I enjoy all of Alexander McCall Smith's books and decided to try this 'one off' novel. I'm SO glad I did! AMS has the gift of taking his reader wherever he wants them to be: a dusty town in the Botswana dry season, a back garden in an upscale neighborhood of Scotland, and now a country village in 1940's Sussex. I disagree with the review that said the music portions felt "bolted on" - as I believe that in a time of extended crisis the average person will either run around screaming about the sky falling, or will take a good grasp on the things in their lives that they CAN control. It may be music, or the vegetable garden (a necessity for many during those times of rationing), or even helping a disabled farmer continue to contribute to the war effort by caring for his chickens. To see how people are affected by those stressors all you have to do is look at the changed behavior of Americans in the days, weeks and months following 9/11 - and that was just one day of terror, not years of bombs falling out of the sky on a nightly basis.
So, he's done it again - the book is heartwarming and a nearly complete picture is painted of the charming Sussex village and the lonely young woman who finds herself there during a remarkable period of history.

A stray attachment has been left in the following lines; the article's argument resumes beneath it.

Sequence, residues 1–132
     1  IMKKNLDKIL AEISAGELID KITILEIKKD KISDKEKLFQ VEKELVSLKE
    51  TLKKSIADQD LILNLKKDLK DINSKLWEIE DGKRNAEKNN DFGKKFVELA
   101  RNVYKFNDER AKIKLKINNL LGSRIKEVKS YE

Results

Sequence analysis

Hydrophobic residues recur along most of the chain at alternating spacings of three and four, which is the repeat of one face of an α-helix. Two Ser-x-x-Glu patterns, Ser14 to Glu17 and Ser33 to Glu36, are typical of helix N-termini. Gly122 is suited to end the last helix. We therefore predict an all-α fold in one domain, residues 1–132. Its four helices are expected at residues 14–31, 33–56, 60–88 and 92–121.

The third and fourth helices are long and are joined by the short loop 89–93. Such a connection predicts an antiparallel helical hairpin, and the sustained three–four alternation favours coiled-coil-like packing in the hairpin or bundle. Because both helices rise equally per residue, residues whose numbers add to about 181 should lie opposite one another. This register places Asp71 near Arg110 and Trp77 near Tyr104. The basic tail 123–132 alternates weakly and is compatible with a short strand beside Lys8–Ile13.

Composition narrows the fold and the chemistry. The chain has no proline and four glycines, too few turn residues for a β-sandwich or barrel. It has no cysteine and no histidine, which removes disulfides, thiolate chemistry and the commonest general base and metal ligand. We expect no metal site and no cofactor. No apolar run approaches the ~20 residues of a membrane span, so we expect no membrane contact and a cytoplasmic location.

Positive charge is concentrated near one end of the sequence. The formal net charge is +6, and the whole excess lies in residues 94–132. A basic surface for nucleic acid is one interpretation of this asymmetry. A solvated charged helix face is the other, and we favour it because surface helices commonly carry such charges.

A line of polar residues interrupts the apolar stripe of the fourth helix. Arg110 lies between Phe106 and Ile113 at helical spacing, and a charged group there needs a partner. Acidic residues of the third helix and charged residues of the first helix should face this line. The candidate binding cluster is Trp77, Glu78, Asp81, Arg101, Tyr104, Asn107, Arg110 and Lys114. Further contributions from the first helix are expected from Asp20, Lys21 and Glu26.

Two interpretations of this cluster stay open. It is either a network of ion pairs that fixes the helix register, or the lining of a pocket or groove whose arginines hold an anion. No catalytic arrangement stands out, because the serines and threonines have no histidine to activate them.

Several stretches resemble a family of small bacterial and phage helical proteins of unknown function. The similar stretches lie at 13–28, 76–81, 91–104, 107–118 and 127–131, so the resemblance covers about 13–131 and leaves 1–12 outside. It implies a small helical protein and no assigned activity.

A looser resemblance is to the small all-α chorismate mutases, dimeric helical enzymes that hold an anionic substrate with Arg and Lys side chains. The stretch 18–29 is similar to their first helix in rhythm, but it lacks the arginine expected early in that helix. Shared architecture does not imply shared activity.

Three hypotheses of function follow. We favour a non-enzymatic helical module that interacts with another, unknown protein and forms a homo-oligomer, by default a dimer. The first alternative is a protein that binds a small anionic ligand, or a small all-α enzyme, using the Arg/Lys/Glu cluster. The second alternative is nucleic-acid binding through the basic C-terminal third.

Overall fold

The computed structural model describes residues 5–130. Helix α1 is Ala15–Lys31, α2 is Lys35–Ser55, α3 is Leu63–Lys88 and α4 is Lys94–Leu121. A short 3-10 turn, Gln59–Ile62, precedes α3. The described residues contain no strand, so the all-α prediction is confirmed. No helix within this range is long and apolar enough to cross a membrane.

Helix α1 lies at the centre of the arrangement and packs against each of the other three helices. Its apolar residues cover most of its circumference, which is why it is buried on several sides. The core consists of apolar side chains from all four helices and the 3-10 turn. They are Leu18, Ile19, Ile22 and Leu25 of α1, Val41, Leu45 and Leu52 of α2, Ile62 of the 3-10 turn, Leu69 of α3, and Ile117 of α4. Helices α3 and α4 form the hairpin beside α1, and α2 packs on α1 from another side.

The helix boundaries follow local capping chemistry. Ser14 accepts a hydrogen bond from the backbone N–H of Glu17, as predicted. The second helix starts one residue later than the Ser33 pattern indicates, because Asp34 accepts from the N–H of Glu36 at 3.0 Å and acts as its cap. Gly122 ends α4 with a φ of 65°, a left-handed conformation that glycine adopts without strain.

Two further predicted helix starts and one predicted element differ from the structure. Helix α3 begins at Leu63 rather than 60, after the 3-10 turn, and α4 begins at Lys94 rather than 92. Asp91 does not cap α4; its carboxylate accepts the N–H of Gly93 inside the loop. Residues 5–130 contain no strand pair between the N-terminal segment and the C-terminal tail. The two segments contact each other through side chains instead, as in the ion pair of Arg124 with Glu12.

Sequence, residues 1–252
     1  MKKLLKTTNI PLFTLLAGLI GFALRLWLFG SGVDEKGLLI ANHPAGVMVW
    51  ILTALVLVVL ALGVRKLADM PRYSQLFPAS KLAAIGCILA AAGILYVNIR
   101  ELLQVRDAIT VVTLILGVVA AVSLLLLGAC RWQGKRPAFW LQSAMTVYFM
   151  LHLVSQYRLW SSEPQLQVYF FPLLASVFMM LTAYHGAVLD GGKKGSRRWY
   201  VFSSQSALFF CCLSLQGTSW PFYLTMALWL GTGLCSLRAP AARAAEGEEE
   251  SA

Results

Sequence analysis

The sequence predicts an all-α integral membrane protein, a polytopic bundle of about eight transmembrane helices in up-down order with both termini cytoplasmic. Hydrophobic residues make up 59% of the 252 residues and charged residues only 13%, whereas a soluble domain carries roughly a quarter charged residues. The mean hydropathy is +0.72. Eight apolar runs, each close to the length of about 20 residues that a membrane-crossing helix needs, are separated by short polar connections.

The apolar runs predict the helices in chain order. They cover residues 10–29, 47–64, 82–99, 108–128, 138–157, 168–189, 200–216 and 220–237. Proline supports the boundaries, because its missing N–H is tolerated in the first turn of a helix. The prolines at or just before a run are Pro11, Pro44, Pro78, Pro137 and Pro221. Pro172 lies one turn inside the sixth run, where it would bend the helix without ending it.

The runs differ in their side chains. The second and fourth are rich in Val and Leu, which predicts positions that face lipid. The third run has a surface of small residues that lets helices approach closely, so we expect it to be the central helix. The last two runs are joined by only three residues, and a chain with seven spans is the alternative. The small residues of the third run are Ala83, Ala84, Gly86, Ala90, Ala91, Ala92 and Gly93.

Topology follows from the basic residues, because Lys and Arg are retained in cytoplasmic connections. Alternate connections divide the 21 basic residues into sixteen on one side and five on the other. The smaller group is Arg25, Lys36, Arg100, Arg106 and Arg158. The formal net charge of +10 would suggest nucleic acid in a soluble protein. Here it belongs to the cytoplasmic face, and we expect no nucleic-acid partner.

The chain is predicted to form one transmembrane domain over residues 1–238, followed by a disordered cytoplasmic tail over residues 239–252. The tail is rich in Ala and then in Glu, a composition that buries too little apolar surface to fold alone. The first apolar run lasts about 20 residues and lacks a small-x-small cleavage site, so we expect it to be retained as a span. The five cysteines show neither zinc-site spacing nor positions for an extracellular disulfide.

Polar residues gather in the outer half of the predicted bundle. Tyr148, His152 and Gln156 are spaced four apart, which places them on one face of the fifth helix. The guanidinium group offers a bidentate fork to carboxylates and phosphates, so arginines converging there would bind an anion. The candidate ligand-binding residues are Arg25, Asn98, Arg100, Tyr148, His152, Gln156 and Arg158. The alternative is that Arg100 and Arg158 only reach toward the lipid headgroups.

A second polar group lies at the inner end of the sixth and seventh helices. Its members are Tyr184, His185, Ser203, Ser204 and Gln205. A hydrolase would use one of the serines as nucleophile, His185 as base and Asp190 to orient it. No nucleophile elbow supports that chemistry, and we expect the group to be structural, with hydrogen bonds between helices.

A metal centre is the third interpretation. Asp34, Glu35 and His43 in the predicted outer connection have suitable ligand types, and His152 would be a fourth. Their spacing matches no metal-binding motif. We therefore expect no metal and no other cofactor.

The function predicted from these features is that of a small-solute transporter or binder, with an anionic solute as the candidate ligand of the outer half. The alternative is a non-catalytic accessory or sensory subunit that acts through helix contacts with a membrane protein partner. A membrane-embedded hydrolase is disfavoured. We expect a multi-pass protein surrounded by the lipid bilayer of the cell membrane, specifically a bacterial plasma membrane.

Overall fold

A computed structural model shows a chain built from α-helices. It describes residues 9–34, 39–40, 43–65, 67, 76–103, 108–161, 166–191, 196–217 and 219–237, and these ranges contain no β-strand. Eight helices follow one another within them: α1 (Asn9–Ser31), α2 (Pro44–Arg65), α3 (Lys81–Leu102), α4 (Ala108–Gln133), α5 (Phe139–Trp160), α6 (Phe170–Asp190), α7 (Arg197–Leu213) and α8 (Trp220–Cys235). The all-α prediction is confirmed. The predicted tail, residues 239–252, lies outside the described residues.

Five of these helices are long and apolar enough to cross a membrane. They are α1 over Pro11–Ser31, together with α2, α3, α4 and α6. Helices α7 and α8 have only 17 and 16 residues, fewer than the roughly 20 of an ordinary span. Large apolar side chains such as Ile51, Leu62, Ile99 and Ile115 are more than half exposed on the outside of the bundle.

I HAD TO WRITE A REVIEW BECAUSE I CAN'T BELIEVE ANYONE WOULD GIVE THIS BOOK 5 STARS! I loved the first three No.1 Ladies' Detective Agency, after that they were still enjoyable, but gradually lost their spark. I was hoping that Smith would come roaring back with this new subject "La". Did the book ever begin? Was there a story worth writing anywhere in it? Nothing ever happened. What was there to like? I didn't even like "La". She could have opened up her home to people in need. But no, she was an aristocrat who tended chickens and thought herself noble for the effort. If you want to read an excellent story set in WW2, read "The Guernsey Literary and Potato Peel Pie Society"